is gathering your characters and saving them in a secret
characters will not be given to a program
until you type a return, as described above
Logging in.

UNIX typewriter I/O is full-duplex (except for Selectric
It has full read-ahead, which means that you can
type at any time,
even while a program is
typing at you.
Of course, if you type during output, the output will
have the input characters interspersed.
However, whatever you type will be saved
up and interpreted in correct sequence.

There is a limit to the amount of read-ahead,
but it is generous and not likely to be exceeded unless
the system is in trouble.
When the read-ahead limit is exceeded, the system
stops echoing input characters,
and starts echoing "#" no matter what you typed.
The last character which was echoed correctly will be
received correctly by the program to which you were talking;
subsequent characters have been thrown away.

On a typewriter input line, the character "@"
kills all the characters typed before it, so typing mistakes
can be repaired on a single line.
Also, the character "#" erases the last character typed.
Successive uses of "#" erase characters back to, but
not beyond, the beginning of the line.
"@" and "#" can be transmitted to a program
by preceding them with "\\".
(So, to erase "\\", you need two "#"s).

The ASCII "delete" (a.k.a. "rubout") character is not passed to programs
but instead generates
interrupt signal.
This signal
generally causes whatever program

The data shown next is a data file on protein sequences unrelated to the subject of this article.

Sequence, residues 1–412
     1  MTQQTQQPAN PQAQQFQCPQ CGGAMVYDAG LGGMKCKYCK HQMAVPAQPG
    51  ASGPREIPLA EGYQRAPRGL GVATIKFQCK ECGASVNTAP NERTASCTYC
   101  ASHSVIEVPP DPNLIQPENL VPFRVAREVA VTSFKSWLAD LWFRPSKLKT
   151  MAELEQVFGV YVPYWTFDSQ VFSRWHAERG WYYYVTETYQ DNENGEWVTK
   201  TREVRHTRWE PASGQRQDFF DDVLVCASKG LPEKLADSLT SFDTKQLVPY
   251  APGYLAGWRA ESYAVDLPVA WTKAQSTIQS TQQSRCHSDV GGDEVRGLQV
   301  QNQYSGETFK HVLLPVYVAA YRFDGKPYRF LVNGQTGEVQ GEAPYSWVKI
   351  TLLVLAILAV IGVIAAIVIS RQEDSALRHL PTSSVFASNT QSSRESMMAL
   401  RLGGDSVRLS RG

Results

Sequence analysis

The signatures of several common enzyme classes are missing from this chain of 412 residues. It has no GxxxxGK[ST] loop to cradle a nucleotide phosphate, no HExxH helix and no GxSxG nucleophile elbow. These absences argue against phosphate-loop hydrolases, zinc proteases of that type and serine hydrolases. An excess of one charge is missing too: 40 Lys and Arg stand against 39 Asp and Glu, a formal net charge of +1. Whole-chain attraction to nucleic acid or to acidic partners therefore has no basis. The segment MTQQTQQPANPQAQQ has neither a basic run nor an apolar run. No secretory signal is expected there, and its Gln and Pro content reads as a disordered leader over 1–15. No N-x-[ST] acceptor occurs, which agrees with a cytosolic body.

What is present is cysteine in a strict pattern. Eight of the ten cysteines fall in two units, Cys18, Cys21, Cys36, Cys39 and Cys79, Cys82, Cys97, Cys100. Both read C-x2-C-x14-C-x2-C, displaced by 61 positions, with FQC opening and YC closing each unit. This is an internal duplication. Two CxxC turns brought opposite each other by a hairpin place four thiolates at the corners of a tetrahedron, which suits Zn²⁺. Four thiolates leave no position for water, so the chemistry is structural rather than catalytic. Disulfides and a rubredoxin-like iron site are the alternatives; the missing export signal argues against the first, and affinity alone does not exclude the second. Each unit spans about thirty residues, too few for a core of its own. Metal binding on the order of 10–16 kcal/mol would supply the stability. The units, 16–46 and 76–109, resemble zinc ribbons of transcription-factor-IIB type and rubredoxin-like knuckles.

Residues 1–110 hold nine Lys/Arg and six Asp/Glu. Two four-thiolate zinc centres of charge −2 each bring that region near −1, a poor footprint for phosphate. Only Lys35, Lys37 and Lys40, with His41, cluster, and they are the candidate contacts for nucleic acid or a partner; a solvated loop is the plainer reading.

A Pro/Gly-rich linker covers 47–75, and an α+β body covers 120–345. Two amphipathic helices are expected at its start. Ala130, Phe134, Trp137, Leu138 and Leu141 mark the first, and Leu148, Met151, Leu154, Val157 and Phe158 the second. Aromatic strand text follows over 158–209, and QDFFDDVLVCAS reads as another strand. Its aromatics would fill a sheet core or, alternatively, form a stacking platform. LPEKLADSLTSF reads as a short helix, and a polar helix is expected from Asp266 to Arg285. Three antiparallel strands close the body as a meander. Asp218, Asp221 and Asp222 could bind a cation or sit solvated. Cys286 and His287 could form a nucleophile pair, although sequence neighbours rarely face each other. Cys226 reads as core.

you are running to terminate.
It is typically used to stop a long printout that
you don't want.
However, programs can arrange either to ignore
this signal altogether,
or to be notified when it happens (instead
of being terminated).
The editor, for example, catches interrupts and
stops what it is doing,
instead of terminating, so that an interrupt can
be used to halt an editor printout without
losing the file being edited.

The quit____ signal is generated
by typing the ASCII FS character.
It not only causes a running program to terminate
but also generates a file with the core image
of the terminated process.
Quit is useful
for debugging.

Besides adapting to the speed of the terminal,
UNIX tries to be intelligent about whether
you have a terminal with the "new line" function
or whether it must be simulated with carriage-return
and line-feed.
In the latter case, all input carriage returns
are turned to new-line characters (the standard
line delimiter)
and both a carriage return and a line feed
are echoed to the terminal.
If you get into the wrong mode, the stty command
(I) will rescue you.

Tab characters are used freely in UNIX source programs.
If your terminal does not have the tab function,
you can arrange to have them turned into spaces
during output, and echoed as spaces
during input.
The system assumes
that tabs are set every eight columns.
Again, the stty command (I)
will set or reset this mode.
Also, there is a file which, if printed on TTY 37
or TermiNet 300 terminals, will set the tab stops
correctly (tabs(VII)).

Section dc(IV) discusses typewriter I/O more fully.
Section kl(IV) discusses the console typewriter.

How to run a program; The Shell

When you have successfully logged into UNIX, a program
called the Shell is listening to your terminal.
The Shell reads typed-in lines, splits them up
into a command name and arguments, and executes the command.
A command is simply an executable program.
The Shell looks first in your current directory
(see next section)
for a program with the given name,
and if none is there, then in a system directory.
There is nothing special about system-provided
commands except that they are kept in a directory
where the Shell can find them.

The command name is always the first word on an input line;
it and its arguments are separated from one another by

When a program terminates, the Shell will ordinarily regain control and type 
a "%" at you to indicate that it is ready for another command.

The Shell has many other capabilities, which are described in detail in section

The current directory

UNIX has a file system arranged in a hierarchy of directories.
When the system administrator gave you a user name,